Reply With Quote
Old 11-28-2021, 09:44 AM
Vac Vac is offline
Join Date: Jul 2009
Location: Niceville, Florida
Posts: 491
Default Degrees of turn required for turnback depends...

...on the distance from the end of the runway the turnback maneuver begins. If it's within 5 turn radii, it will take some extra maneuvering (degrees of turn) to align with the runway:

For a sense of scale, this runway is 3000 feet long and begins just inside the picture.

The turn reverse to align with the runway requires a relatively healthy "unload" (reduction in AOA) to avoid a stall.

It would also be practical to turn less, overfly the hangers on the north side of the runway (bottom of the picture) and touchdown further down the runway, provided sufficient runway was available for stopping. The landing roll could be shortened with an intentional ground loop.

Fly safe,

Mike Vaccaro
RV-4 2112
Niceville, Florida
Reply With Quote
Old 11-28-2021, 12:14 PM
PhatRV PhatRV is offline
Join Date: Mar 2018
Location: Buena Park, California
Posts: 620

Originally Posted by Vac View Post

The Navy teaches its officer this turn maneuver when retrieving man overboard. The goal is to have the ship returning 180deg back to its previous wake in the middle of the ocean absent of any reference point from land, or GPS.
RV8 standard build: Empennage 99% completed
Wing -- Closed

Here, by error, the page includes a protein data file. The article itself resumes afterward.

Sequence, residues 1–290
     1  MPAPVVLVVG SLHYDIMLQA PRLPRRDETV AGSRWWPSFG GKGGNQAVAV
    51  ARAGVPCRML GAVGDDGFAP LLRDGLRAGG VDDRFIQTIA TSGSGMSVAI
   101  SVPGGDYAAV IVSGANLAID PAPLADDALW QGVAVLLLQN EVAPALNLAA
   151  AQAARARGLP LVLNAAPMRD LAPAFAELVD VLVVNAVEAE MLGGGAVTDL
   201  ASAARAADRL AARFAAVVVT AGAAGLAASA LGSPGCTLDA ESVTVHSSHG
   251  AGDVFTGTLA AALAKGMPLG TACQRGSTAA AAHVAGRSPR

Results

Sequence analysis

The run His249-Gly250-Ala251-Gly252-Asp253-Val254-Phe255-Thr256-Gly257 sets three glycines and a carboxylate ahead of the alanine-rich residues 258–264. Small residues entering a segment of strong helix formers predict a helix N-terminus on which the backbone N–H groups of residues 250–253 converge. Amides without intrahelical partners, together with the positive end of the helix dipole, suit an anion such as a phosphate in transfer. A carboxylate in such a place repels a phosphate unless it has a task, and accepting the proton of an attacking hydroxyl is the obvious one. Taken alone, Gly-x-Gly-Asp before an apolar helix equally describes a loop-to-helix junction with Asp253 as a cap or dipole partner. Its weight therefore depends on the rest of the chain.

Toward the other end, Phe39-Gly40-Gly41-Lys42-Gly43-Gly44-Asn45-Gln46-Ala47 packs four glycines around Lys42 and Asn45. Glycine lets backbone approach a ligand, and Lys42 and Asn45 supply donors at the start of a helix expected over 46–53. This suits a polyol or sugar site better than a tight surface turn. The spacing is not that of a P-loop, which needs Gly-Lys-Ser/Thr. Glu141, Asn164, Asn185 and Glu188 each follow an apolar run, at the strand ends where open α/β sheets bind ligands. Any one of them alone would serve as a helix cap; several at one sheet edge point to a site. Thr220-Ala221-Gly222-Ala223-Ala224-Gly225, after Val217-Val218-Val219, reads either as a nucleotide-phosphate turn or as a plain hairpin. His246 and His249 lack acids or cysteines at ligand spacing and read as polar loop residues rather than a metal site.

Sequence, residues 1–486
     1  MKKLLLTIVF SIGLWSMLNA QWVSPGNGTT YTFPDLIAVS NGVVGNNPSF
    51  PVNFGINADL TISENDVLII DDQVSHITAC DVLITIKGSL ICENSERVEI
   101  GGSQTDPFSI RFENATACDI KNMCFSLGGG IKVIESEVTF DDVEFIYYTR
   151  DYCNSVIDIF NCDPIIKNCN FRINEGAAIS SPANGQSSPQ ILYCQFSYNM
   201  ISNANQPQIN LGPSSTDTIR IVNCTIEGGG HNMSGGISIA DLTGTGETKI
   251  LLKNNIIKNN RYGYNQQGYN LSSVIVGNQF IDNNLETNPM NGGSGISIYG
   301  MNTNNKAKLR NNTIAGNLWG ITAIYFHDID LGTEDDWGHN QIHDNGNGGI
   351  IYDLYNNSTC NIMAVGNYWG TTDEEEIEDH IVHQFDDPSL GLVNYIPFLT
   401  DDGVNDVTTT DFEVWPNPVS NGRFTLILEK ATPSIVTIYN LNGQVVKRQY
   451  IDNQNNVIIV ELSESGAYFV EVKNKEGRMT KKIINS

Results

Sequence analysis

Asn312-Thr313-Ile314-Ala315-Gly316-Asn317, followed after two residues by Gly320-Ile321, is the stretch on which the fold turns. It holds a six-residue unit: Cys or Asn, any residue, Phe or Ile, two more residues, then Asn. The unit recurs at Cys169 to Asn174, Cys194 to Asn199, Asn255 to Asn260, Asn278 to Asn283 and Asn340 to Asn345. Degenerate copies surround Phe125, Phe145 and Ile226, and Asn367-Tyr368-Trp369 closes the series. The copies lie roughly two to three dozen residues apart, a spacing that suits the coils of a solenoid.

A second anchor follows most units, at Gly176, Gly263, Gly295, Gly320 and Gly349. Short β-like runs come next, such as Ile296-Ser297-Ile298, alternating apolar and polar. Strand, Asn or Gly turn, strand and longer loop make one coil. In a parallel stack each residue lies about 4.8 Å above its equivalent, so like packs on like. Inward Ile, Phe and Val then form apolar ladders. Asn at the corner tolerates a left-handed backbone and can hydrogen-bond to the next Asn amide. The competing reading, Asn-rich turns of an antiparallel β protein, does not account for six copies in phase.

Fuselage -- Canopy Done. Fiberglass 80%
Avionics Installation -- 90%
Firewall Forward -- Cowl completed. Baffle 90%
Electrical -- 90%

Donation paid through 2022
Reply With Quote
Old 11-28-2021, 01:17 PM
swjohnsey swjohnsey is offline
Join Date: Nov 2018
Location: Kingsville, TX
Posts: 398

If you allow your airplane to drift downwind off the centerline after landing isn't an option, a turnback into the wind will bring you back much closer to being aligned with the runway. I make it a part of take-briefing, turn back altitude, which way and where landing is no longer an option.
Reply With Quote

Thread Tools Search this Thread
Search this Thread:

Advanced Search
Display Modes

Posting Rules
You may not post new threads
You may not post replies
You may not post attachments
You may not edit your posts

vB code is On
Smilies are On
[IMG] code is On
HTML code is Off
Forum Jump

All times are GMT -6. The time now is 10:15 PM.

The VAFForums come to you courtesy Delta Romeo, LLC. By viewing and participating in them you agree to build your plane using standardized methods and practices and to fly it safely and in accordance with the laws governing the country you are located in.